Until we stop killing up to 300 cats a month at our shelter, our kill rate will not go down. More importantly, these deaths are doing nothing to help people deal with the reality they face every day in their neighborhoods. Most of the calls I get for help are from people who want to continue caring for a group of cats that have moved onto their property. They mostly need help getting them fixed and vaccinated and wish it was not against the law to feed and care for the animals.

Very few people want to see these animals hauled off and killed, which only creates a void that other cats come in to fill anyway. We could even go as far as raising funds to help people put up cat fencing on their properties as well. I'm about to put up a cat fence in my home which I purchased from the Deer Busters company online, but there are other options for cat enclosure systems, including instructions from Alley Cat Allies on buidling a fencing system from scratch and at a much lower cost and from items you can purchase at a home improvement store:

Do-it-yourself cat fence
HSUS: "Fence Me In"

If you have not read the information provided by Alley Cat Allies and others who are working hard to save the lives of homeless cats, please do so. It is the start to dispelling the myths we have operated from for too long.


Tangi Adopt A Rescue said...

Thank you for making this no-kill blog and good luck to you and to your city!

Keep educating the people and no-kill will inch closer and closer!

Anonymous said...

i still have a question about who is responsible for rabies control and these cats in a tnr program. and who will be responsible for the mess they leave behind and other deseases that will follow.
you never seem to answer thses questions, no one can.
especially on the rabies control issue.

Anonymous said...

Michele - It's Melanie Brooks.

With the news today about SNAP is there anyway to get state funding thru the next legislative session? Our reps are very animal friendly. Is it possible?

Anonymous said...

To Anoymous.....I would strongly suggest you educate yourself before running off at the mouth. The rabies threat is much over blown. There is only 5% of all wild animals that get it. They usually just get sick and crawl off and die. They do not come to your house and attack your kids. You clearly have an issue with cats. Or would you have ALL wildlife rounded up by Animal Control??? I mean lets get those bunnies and praire dogs rounded up and killed too!

The biggest threat in the area is not rabies but bubonic plague. We have this here in NM quite a bit and occasionally the news reports on it. If you don't have rodent predators around you will have them multiply unchecked. Would you prefer to have a family of rats move into your property?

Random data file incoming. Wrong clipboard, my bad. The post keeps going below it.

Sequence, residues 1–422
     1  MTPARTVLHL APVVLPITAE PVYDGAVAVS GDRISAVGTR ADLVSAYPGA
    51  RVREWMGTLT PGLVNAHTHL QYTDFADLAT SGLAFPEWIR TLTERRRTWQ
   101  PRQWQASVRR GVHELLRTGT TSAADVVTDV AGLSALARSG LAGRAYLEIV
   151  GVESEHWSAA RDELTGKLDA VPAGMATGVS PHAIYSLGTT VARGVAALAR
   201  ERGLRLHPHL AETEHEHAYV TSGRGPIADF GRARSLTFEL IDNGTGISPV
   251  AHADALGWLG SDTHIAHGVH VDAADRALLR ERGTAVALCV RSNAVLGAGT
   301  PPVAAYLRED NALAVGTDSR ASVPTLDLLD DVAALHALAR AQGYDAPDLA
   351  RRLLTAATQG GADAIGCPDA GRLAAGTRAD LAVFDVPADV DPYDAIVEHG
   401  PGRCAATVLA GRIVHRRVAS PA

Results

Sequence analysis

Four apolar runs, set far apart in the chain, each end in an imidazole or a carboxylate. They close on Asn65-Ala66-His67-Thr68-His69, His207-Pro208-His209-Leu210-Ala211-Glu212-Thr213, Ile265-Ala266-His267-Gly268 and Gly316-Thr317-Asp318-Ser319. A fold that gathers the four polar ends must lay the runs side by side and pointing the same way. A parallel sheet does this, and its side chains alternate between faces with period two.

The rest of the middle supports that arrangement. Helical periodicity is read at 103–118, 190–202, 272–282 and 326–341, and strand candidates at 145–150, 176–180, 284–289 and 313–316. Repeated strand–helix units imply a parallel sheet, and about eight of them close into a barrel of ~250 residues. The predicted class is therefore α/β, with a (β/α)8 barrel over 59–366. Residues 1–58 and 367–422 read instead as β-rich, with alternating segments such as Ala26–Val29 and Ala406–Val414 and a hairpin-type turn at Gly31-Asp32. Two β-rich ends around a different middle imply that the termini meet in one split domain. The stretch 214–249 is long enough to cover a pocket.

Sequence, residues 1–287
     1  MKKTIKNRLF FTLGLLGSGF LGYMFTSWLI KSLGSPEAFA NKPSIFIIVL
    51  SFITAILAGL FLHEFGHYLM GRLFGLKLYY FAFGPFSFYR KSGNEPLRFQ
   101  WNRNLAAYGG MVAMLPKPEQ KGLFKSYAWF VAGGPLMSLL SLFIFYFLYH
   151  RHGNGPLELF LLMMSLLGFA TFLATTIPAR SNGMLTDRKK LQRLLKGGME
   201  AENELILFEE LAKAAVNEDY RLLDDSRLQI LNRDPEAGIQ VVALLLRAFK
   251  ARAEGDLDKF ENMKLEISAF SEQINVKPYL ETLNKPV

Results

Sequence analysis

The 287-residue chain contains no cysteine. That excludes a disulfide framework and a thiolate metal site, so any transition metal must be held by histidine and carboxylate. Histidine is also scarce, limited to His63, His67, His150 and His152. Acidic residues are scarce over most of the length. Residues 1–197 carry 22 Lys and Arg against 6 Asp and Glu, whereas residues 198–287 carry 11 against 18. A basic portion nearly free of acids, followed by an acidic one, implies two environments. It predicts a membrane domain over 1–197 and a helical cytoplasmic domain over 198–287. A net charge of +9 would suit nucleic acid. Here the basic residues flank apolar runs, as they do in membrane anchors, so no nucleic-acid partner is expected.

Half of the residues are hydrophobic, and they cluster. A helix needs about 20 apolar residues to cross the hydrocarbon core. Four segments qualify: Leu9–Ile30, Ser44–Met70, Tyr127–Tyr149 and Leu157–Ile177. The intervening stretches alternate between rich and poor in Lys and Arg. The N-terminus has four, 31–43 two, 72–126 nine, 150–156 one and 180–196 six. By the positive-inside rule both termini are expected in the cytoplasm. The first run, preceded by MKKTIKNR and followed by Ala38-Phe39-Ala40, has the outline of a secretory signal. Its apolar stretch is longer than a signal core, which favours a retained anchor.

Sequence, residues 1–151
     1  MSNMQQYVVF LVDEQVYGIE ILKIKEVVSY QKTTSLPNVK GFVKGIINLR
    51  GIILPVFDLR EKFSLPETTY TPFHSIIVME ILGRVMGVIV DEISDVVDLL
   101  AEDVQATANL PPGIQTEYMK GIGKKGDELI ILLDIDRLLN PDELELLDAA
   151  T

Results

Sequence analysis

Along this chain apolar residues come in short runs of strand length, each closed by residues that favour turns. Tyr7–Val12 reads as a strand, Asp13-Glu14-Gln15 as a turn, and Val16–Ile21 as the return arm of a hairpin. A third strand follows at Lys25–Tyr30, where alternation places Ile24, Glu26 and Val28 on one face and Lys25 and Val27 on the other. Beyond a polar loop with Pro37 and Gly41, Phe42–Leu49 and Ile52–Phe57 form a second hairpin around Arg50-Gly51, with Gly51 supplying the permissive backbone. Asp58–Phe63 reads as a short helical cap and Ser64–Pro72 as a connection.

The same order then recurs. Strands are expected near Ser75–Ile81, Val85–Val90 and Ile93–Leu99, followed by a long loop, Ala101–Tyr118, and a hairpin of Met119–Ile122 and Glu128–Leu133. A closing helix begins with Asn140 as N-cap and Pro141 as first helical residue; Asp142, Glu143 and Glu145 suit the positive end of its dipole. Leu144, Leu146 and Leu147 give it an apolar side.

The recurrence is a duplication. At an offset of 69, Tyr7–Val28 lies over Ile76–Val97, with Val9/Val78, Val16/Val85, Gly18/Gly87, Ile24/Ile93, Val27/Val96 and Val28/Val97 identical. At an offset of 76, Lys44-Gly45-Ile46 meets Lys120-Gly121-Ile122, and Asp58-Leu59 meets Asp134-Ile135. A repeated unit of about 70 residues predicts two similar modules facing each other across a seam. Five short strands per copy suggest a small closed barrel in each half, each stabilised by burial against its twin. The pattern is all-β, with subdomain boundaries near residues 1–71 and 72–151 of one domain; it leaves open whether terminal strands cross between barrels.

Do you remember when Las Cruces used to have lots of birds? Before the recent years city policy of persecuiting feral cats, we used to have lots of birds. What happened? Rodents and snakes eat bird eggs. Not enough predators to keep them in check...No baby birds. When was the last time you saw the state bird running around? Hummm???? People who hate cats have cried that cats ate the birds. Yes they do. But usually only the adults who where either slow or sick. A cat never wiped out local bird populations. And if city laws didn't fine people who feed the ferals, they wouldn't be so hungry as to have to hunt out their own food.

It's comments like this that shows how backwards this area still is.


Have A Heart said...

How about doing a story on changing the laws on this kennel licensing crap. There are people who would have more pets if it wasn't for this. No one wants Animal Control prowling their homes yearly cause you have more than 2 pets. What kind of country is this that tells you what you can have and can't have? This isn't concern for the little furries but PEOPLE CONTROL by government officials. It's not like they even make money on this. It's a nominal fee. But in the end the city is wasting OUR tax dollars having TOO MANY officers implementing this redicu-louse laws in such a rabid manner as they do here. No wonder they can't afford to fund SNAP.

VR said...


Sop being nice about it. Press wise, get them to slant on story how a town would rather kill off small animals than help fund SNAP. I mean after all they can't afford an in house shelter Vet and the SNAP programs too....But they can fund waste of tax dollars on million dollar pool complexes.

Then go to the legislature....